Review by Fiona Duncan, published 29th October 2006.
Few people outside East Anglia know about this place. It seems to be a local secret and I wonder whether I ought to keep it that way. On the other hand, why should locals be the only ones to enjoy it?
In a remote and unspoilt corner of Suffolk, the Ramshot Arms is a distinctive but simple pub with rooms (well, two rooms to be precise). To reach it, first find the pleasant little town of Woodbridge, then look for the road south to Bawdsey.
Soon you will be enjoying the charms of this corner of the country: vast skies; big flat fields bordered by Scots pine; patches of heath. This is Suffolk Breckland, by any measure a backwater. Somewhere in the middle of nowhere we turned on to a track which had been signposted Ramsholt Dock.
After a mile and half without seeing another car, house or person, suddenly, down a short slope, there came into view a solid Victorian house beside the impressive tidal creek that is the River Deben, about three miles inland. The tide was low, exposing fields of gleaming mud; a curlew probed; two extremely smart shelduck swam serenely by.
Seated in a sunny corner of the bar, enjoying huge views of the Deben, our mood improved by the minute as we lunched on flavourful cauliflower soup, smoked salmon and local Adnams ale, at distinctly friendly prices.
Then a fine walk along the estuary (we spotted an avocet, oyster catcher and redshank) past the famous Sutton Hoo burial grounds before returning to the pub and moving into our simple bedroom, a pleasant shade of green, brightened by stencils.
The bathroom was a couple of steps down the passage; here and there the room could have done with a little maintenance - there was only one bedside light. But these are minor niggles. The bed was comfortable, the room was clean, there was a river view and the price was honest.
As you might expect, the heart of the Ramsholt Arms is its bar, with its log fire, pine floorboards and artfully simple seaside decorations. Every table is different, possibly bought from junk shops; the chairs in the dining room area were aparently picked up from a French prison. It's one of those bars where no one would notice if you're wearing muddy boots or wet sailing clothes.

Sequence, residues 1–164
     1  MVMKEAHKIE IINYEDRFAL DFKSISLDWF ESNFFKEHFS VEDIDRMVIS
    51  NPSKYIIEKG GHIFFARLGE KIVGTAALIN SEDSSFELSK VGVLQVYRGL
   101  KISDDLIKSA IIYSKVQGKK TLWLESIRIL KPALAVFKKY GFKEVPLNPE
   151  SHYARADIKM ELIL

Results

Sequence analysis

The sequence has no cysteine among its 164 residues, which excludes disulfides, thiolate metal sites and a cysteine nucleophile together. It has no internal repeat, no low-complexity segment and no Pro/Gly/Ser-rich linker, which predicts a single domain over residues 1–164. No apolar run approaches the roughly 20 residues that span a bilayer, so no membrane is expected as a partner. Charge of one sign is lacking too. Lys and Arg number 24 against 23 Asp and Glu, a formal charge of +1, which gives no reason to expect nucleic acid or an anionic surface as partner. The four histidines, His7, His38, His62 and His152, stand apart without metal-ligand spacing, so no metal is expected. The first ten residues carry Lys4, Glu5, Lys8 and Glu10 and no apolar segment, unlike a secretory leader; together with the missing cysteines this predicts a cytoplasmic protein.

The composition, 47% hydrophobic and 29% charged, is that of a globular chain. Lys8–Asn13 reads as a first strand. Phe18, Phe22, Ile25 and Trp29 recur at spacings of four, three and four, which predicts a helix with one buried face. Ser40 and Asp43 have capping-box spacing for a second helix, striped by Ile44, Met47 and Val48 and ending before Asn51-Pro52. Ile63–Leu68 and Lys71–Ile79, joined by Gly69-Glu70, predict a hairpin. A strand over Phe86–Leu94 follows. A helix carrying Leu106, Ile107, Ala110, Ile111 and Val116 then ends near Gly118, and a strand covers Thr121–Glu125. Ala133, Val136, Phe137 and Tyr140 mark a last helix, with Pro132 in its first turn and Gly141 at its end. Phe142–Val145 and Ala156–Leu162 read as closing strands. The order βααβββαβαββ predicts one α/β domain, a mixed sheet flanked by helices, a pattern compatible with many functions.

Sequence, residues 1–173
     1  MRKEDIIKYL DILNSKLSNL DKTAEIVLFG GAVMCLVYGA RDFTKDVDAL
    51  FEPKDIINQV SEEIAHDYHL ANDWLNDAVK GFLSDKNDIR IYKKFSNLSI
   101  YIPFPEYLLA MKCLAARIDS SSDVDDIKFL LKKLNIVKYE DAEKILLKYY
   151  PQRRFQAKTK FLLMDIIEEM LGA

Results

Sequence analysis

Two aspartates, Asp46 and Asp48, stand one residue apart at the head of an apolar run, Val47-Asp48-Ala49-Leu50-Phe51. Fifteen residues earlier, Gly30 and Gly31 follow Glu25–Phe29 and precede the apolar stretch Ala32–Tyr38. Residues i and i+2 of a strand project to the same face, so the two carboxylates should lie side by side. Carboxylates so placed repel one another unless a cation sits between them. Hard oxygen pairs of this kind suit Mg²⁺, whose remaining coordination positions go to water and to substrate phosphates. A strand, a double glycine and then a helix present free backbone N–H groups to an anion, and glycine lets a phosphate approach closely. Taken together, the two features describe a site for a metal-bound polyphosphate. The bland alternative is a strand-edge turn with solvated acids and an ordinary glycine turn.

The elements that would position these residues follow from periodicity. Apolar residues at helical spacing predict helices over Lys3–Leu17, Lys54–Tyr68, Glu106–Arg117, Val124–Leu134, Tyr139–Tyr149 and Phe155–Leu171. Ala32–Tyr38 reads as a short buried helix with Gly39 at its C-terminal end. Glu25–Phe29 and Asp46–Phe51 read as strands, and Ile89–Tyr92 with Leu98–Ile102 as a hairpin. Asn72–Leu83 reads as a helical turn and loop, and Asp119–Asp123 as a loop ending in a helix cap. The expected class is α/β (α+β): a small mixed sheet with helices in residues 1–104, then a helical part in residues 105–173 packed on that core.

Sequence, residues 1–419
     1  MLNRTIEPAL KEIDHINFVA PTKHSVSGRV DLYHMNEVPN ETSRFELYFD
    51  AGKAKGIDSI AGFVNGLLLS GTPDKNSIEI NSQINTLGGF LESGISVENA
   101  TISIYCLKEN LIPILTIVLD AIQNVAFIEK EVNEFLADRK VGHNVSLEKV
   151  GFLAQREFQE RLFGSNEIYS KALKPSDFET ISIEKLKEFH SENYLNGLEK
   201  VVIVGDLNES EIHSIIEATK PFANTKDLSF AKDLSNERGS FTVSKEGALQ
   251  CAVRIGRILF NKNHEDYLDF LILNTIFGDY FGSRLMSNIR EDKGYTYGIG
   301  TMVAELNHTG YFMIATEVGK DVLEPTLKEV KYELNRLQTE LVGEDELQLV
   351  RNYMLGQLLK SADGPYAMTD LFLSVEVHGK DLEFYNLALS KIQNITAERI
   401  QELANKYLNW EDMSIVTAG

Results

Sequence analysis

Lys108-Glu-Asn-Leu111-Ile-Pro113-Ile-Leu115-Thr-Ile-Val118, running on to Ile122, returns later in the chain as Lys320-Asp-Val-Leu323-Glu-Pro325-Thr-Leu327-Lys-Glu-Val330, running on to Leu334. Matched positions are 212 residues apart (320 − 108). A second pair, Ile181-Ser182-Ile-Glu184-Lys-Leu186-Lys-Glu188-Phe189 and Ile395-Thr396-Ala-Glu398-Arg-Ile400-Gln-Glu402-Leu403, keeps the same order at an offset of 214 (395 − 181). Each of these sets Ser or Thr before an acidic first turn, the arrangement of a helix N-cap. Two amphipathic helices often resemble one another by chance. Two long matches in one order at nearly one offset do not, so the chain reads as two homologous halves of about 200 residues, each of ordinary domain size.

The menu, strong on locally caught fish and shellfish and game from the local estates, frequently changes. All the ingredients, we were assured, are fresh, except the Yorkshire puddings and the peas.
When Patrick Levy, a friendly, larger-than-life ex-merchant seaman and his partner Elizabeth took the lease seven years ago, the Ramsholt Arms was a nonentity: open, because of its isolation, just a few hours a week. Elizabeth, who knew the pub business, having worked for Whitbread in London, was horrified when Patrick took her to see it.
A pub without a local population? Down a mile-long track? It broke every rule.
Today, Ramsholt Arms is a success story, open every day of the year. How did they do it? They freshened it up, made sure the food was good, and simply kept it open. If there wasn't money to pay staff, they manned it themselves, working without pay to make it accessible all the time.
The more people who came, the quicker the word spread - in East Anglia, that is - and now, on a sunny summer's day, they sell 350 meals. On a winter weekday, they are content if it's five. It makes sense to them because Patrick and Elizabeth Levy are natural innkeepers and warm hosts; because they are happy to make their work their life and their life their work; and grateful to bring up their children in such natural surroundings.
There, I've given the secret away. Now everyone else can enjoy it too.